yarn review: Linus by Knit One Crochet Two

Aran / 47% wool, 30% acrylic & 23% alpaca. - I love working with this yarn. At first I was sceptical because of the acrylic content but it knits and blocks beautifully. It's not horribly expensive and comes in some really nice natural color ways. I knitted both a beret and scarf in this and both turned our very nicely.

By the way, I would love to read yarn reviews by the members here especially some of odd blends that are available these days. I'm alway looking for a new yarn experience. Also, as I try new fibers I'll post my thoughts on them.


albert's picture

Thanks for this review Scott. I was planning to post a question asking you folks to opine on what you consider to be the best quality yarns. This is prompted by the performance of the Knitpicks yarn I used to knit my recent F.O. sweater, which after being worn a few times by my friend Francis now looks like a rabid rat (the sweater, not Francis). Pills? Think elephant pills! Anyway, I too would love to hear the thoughts of others on the yarns they have used.

steve kadel's picture

my alpaca pills like crazy

all i know of love, is love is all there is

we put birds on things

vsidart's picture

which yarn was it? we've been thinking about ordering more of their yarns.... would be glad for the feedback before we ordered!

albert's picture

It was Knitpicks Wool of the Andes Claret Heather. Not happy with the performance, and if I remember correctly, RonHuber has commented similarly in the past about this brand of yarn.

ronhuber's picture

Which means I won't have to bother saying it again. Very poor experience.

Joe-in Wyoming's picture

Good thoughts, Scott. I know some of the postings involve discussion on the yarns used but it is nice to have a review just for yarn. I know I'll avoid the yarn Albert mentions...once I stop using stash only. -- Books, knitting, cats, fountain pens...Life is Good.

Books, knitting, cats, fountain pens...Life is Good.

scottly's picture

You bring up a great point Albert in that how a yarn ages. I knit lots of socks and would love to hear what yarns really last on your feet.

Joe-in Wyoming's picture

Had a pair of lovely alpaca socks that only made it through one wearing and washing. [I still think #$%&@# M*ths got into them somehow.] However, they were knit in handspun Bolivian Tree Frog sock weight and the yarn may not have been strong enough. Next time, I think sport weight would be better. Luckily, there's enough left over yarn to just rip out and reknit the pair. -- Books, knitting, cats, fountain pens...Life is Good.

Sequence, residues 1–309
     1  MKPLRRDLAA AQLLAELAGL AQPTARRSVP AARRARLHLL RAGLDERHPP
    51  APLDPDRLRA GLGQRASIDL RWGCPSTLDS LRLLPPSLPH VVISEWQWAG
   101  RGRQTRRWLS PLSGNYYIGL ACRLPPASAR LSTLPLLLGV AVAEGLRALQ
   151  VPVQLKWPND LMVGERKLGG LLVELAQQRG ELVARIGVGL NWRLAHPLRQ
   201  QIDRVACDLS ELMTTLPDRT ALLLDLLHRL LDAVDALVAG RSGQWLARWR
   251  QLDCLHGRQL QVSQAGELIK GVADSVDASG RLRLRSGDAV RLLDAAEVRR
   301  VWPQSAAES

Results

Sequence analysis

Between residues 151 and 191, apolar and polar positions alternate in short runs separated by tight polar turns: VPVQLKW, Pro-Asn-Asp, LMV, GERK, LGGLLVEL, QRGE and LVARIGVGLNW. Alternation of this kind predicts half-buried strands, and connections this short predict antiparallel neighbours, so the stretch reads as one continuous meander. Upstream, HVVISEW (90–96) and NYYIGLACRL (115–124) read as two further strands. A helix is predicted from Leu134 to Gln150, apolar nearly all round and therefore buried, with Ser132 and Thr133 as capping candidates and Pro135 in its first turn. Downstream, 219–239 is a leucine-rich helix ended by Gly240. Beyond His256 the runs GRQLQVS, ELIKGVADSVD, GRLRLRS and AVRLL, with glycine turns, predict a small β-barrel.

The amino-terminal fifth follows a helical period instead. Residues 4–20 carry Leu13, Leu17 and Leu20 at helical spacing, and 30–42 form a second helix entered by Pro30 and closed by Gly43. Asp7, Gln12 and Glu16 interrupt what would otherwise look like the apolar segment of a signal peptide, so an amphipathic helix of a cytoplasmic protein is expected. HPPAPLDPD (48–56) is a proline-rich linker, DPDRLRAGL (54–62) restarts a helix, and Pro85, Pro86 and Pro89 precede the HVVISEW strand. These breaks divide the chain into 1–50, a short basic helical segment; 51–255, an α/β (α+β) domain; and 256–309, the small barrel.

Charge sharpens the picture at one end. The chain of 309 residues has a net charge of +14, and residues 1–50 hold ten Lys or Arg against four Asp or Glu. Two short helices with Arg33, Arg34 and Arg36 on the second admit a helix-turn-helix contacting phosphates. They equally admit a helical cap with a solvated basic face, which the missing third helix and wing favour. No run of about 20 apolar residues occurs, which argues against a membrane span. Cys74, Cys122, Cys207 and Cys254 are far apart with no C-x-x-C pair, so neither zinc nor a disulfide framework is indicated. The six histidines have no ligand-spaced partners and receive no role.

Books, knitting, cats, fountain pens...Life is Good.

ronhuber's picture

I only knit socks with Paton's Kroy sock yarn. My socks last for years and I only wear hand knit socks.
Using small needles helps as wel.

Tallguy's picture

The same yarn can be good and bad if used in different situations. Socks require a hard-wearing yarn, which can be made of any fibre, but they need to be spun in a way especially for socks. A really nice soft yarn that would be excellent for a scarf would not do well for socks. Socks demand a yarn that will withstand a lot of pressure and rubbing. A single is not that great, no matter how tightly it was twisted. A 5-ply yarn is better, because only a small amount of the fibres are actually on the surface -- there are 5 other strands to carry the brunt of the wearing. So it can be a little softer spun, in a mulit-ply yarn, and still be hard-wearing.

Pills are caused by the ends of fibres that work themselves loose from the rest of the yarn and tangle with other fibres that are loose as well and make a knotted ball that is still attached to the fabric. That indicates that the fibres are not well locked into the yarn itself. Some fibres are especially prone to have ends that work loose, such as mohair or many of the fine wools, so you would need to be sure to put enough twist in the singles to hold them tightly. Sometimes a lot of short fibres are used in the yarns, which really should have been removed but for economic purposes are kept in, and those work loose very easily.

Again, if the garment is not going to receive a lot of wear (rubbing), then a looser yarn can be safely used. Something like the sides of a sweater, which get a lot of pills where arms are rubbing against the body constantly, or socks, may need a different type of yarn to withstand the amount of wear that area of the garment receives.

Choosing the right yarn is an art in itself!